ZHCSEX8A December 2015 – October 2016 INA300-Q1
Information in the following applications sections is not part of the TI component specification, and TI does not warrant its accuracy or completeness. TI’s customers are responsible for determining suitability of components for their purposes. Customers should validate and test their design implementation to confirm system functionality.
The INA300-Q1 is designed to enable configuration for detecting overcurrent conditions in an application. This device is individually targeted towards overcurrent detection of a single threshold. However, this device can be paired with additional devices and circuitry to create more complex monitoring functional blocks.
The INA300-Q1 device measures current through a resistive shunt with current flowing in one direction, enabling detection of an overcurrent event only when the differential input voltage exceeds the threshold limit.
Figure 33 shows the basic connections of the INA300-Q1 device. The input terminals, IN+ and IN–, must be connected as closely as possible to the current-sensing resistor to minimize any resistance in series with the shunt resistance. Additional resistance between the current-sensing resistor and input terminals can result in errors in the measurement. When input current flows through this external input resistance, the voltage developed across the shunt resistor can differ from the voltage reaching the input terminals.
Figure 34 shows the alert response transitioning from a high to a low state following the input signal exceeding the limit threshold voltage. The time required for the output to respond varies as a result of when the input signal crosses the threshold limit voltage relative to where in the continuous running internal 10-µs comparison window the overrange condition occurs. In Figure 34, the output response varies from roughly 2 µs to approximately
12 µs when the input exceeds the threshold level. This variance is a result of where in the 10-µs comparison window the overrange event occurs. If the overrange event occurs late in the 10-µs comparison window and is large enough to average the entire window measurement up above the threshold level, the alert appears to respond very quickly. If the alert occurs late in the 10-µs comparison window and is not large enough to average the entire window measurement up above the threshold level, the alert does not appear until the next 10-µs comparison window completes, assuming the input signal remains above the threshold for the entire duration.
Although the INA300-Q1 device is only able to measure current through a current-sensing resistor flowing in one direction, a second INA300-Q1 device can be used to create a bidirectional monitor.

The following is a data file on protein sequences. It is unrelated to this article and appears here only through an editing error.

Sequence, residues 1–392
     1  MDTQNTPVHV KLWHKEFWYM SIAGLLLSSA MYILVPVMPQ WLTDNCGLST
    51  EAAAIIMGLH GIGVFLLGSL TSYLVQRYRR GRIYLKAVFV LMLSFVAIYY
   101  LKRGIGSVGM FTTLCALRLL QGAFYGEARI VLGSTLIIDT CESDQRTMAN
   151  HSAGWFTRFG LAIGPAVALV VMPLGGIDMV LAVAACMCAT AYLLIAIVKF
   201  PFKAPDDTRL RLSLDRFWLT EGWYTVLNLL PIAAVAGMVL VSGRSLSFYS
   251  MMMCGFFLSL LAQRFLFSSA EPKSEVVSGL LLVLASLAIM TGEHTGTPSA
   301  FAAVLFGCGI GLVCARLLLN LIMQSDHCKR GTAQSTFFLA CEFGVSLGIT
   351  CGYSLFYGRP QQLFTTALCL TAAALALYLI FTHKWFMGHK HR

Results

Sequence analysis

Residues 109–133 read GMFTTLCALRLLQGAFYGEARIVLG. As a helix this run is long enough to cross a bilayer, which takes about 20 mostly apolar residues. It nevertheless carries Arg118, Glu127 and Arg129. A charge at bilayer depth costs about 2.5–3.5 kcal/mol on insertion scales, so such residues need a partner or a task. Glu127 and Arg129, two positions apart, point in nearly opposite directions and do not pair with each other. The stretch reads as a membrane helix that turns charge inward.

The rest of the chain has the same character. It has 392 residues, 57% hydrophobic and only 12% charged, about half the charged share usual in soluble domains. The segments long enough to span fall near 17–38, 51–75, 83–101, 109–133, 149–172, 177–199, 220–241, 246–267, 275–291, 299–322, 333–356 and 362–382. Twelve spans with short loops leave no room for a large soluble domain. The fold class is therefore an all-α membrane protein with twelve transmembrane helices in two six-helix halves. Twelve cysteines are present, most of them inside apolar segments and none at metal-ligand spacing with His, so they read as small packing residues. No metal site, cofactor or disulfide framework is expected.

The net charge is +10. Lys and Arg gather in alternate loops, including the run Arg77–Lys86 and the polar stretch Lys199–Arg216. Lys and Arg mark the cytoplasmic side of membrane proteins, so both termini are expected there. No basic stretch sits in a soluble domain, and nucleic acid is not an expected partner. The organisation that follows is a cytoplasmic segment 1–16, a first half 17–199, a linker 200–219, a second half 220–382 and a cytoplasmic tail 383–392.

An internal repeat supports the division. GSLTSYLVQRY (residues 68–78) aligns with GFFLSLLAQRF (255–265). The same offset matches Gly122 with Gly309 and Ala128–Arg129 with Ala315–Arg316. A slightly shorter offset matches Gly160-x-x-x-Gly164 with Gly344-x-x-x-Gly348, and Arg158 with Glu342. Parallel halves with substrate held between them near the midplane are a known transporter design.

With the input terminals of a second INA300-Q1 device reversed across the same current-sensing resistor, the second INA300-Q1 device is now able to detect current flowing in the other direction relative to the first device, as shown in Figure 35. The outputs of each INA300-Q1 device connect to an AND gate to detect if either of the limit threshold levels are exceeded. The output of the AND gate is high if neither overcurrent limit thresholds are exceeded. A low output state of the AND gate indicates that either the positive overcurrent limit or the negative overcurrent limit are surpassed.
Figure 36 illustrates two INA300-Q1 devices being used in a bidirectional configuration and an output control circuit to detect if one of the two alerts is exceeded.
The INA300-Q1 device can be used to create a window comparator function, detecting whether the current being monitored is within a programmed range or has fallen outside of the expected operating region.
Figure 37 shows how the window comparator function is setup using two INA300-Q1 devices. The input terminals of each INA300-Q1 device are connected to the same current-sensing resistor. The limit threshold for the top device is set to the upper limit of the window range. The bottom device limit threshold is set to the desired lower limit of the range. With a logic inverter placed at the output of the device monitoring the lower limit, the OCP– signal is high when the input signal is above the lower limit threshold. The OCP+ signal is high when the input signal is below the upper limit threshold. A high value at the output (output of the AND gate) indicates that the monitored current is operating within the desired window range.
|INPUT CONDITION||OUTPUT STATUS|
Figure 38 shows the output waveform from the device window comparator application. In Figure 38, the output signal is high when OCP– is low (the input signal is above the lower limit) and when OCP+ is high (the input signal is below the upper limit). If the signal rises above the upper limit or drops below the lower limit, the corresponding OCP output changes state, causing the state of the output (following the AND gate) to change to zero to indicate an out-of-range condition.